Summary

We spent 10.1 hours reading reviews from experts and users. In summary, this is what training geeks think:

6 reasons to buy

  • The Skechers Flex Advantage 2.0 - The Happs received lots of positive feedback for being comfortable for all-day use.
  • It was considered quite stylish by many owners.
  • Numerous people were satisfied with the durability of this workout shoe.
  • Several users liked that it felt light on their feet.
  • Some thought that the price was reasonable.
  • A few reviewers found that the outsole provided adequate grip.

3 reasons not to buy

  • Some claimed that they thought it would be more comfortable to wear.
  • A reviewer did not like dirt and pebbles getting trapped in the flex grooves.
  • A minority of users wished for better arch support.

Bottom line

The Skechers Flex Advantage 2.0 - The Happs received a plethora of positive feedback for being very comfortable during extended periods of use. It was also perceived stylish and durable by many of its patrons. However, a few people complained that the outsole got worn out quickly. There were others who thought that the footbed was not as comfortable as they had hoped.

Facts

Rankings

A popular pick

Expert Reviews

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  • The Skechers Flex Advantage 2.0 - The Happs banks on the success of its predecessor. It uses the same Dual-Lite midsole that delivers a combination of a stable platform and a shock-absorbing cushion. The midsole for both models serves as the outsole.
  • The striking difference between the two models is the design of the upper. The Flex Advantage 2.0 - The Happs features an almost seamless one-piece Skech-Knit Mesh, while the older version used woven mesh fabric with synthetic overlays to provide support.

The Flex Advantage 2.0 - The Happs is only available in men’s sizes and typically runs true to size. The shoe comes in D - Medium and 2E - Wide options. Soft woven material with stretchy properties makes up the upper unit.

The Flex Advantage 2.0 - The Happs features the FlexSole, a lightweight, durable and flexible exposed midsole. It extends to the front to protect the area from abrasion and impact during workouts. It has flex grooves in its entire length to facilitate multidirectional movements and foot flexion.

It has rubber pods on the big toe area and the outer side of the heel. This material is high-wearing and flexible. It also delivers traction on most surfaces.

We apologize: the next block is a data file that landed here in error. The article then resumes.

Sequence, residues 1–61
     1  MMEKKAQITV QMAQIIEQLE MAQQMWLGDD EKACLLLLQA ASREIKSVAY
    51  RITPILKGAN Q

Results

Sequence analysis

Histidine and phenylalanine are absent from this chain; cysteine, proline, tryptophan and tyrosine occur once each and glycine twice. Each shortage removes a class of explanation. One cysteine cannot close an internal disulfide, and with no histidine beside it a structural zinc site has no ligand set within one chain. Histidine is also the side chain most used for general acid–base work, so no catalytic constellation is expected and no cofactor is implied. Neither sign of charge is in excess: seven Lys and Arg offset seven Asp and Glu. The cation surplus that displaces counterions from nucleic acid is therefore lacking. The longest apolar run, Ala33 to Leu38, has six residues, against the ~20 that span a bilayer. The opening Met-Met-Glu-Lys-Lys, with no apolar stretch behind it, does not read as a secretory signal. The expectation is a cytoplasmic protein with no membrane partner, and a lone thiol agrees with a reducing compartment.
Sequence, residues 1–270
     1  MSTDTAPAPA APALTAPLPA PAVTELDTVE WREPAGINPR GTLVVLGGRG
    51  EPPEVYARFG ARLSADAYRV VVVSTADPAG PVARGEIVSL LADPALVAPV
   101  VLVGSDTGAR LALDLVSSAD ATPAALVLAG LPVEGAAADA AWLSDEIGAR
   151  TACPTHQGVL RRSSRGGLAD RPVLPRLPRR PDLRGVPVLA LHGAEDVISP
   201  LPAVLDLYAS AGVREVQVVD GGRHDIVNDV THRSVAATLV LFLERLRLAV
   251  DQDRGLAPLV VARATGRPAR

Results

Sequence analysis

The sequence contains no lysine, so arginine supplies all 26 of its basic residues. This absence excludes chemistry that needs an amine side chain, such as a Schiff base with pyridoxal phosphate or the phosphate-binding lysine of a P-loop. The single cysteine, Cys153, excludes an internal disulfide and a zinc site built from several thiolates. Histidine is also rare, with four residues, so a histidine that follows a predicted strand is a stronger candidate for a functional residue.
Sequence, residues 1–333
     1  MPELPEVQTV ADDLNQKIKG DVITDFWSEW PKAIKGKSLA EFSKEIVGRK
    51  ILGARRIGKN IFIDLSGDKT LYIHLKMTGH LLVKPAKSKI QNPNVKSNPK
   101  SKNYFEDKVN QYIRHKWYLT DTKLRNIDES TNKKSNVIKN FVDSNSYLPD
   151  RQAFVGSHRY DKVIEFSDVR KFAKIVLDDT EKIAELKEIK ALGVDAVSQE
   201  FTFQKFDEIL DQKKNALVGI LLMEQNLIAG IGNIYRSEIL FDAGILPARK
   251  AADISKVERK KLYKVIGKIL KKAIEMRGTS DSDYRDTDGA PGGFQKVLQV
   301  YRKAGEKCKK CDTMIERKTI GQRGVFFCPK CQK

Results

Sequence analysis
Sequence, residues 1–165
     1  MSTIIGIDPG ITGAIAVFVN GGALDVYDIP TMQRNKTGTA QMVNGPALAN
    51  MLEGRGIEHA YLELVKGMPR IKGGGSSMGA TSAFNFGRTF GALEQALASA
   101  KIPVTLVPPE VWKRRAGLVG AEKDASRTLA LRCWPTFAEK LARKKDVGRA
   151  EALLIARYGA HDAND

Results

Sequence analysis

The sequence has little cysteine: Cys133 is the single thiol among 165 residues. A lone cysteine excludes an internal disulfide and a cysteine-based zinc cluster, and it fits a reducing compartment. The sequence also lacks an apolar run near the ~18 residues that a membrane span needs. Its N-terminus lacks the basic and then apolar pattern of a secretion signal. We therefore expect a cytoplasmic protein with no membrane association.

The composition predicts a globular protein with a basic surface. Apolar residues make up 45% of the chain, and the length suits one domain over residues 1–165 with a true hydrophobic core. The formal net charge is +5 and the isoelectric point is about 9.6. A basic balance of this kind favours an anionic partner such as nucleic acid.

The Dual-Lite technology makes up the midsole of the Flex-Advantage 2.0 - The Happs. This platform has soft and firm sections to deliver shock-absorption and stability at the same time.

The FlexSole serves as another layer of protection and padding. It is designed to be lightweight, flexible, and durable as it also acts as an outsole.

The shoe employs the Air Cooled Memory Foam for its insole. This inner sole component not only delivers a comfortable footbed by attenuating shock, but it also ensures that the foot does not get hot because it employs breathable materials.

The Skechers Flex Advantage 2.0 - The Happs utilizes the Skech-Knit Mesh, a type of woven material constructed as a one-piece fabric, for its upper. It has knit mesh and stitching accents in its side panels to add support to the top section. If a sock-like upper is desired, the Skechers Elite Flex - Hartnell may fit the bill.

A traditional lace-up closure is used to keep the foot securely inside the shoe. The eyelets have been embroidered to prevent the holes from getting too big or tearing.

The lightly padded tongue protects the instep from becoming irritated when the laces are tightened. It uses the same knitted mesh fabric for breathability.

The slightly plush collar prevents chafing of the ankle. It also serves as a support structure and keeps the back of the shoe locked in place.

Lining the inside is a soft fabric that delivers an excellent in-shoe feel. It prevents skin irritation due to friction. The soft cloth makes it easy for the foot to slide in and out of the footwear.

Author
Nicholas Rizzo
Nicholas Rizzo

Nick is a powerlifter who believes cardio comes in the form of more heavy ass squats. Based on over 1.5 million lifts done at competitions, his PRs place him as an elite level powerlifter. His PRs have him sitting in the top 2% of bench presses (395 lbs), top 3% of squats (485 lbs) and top 6% of deadlifts (515 lbs) for his weight and age. His work has been featured on Forbes, Bodybuilding.com, Elite Daily and the like. Collaborating along the way with industry leaders like Michael Yessis, Mark Rippetoe, Carlo Buzzichelli, Dave Tate, Ray Williams, and Joel Seedman.

nick@runrepeat.com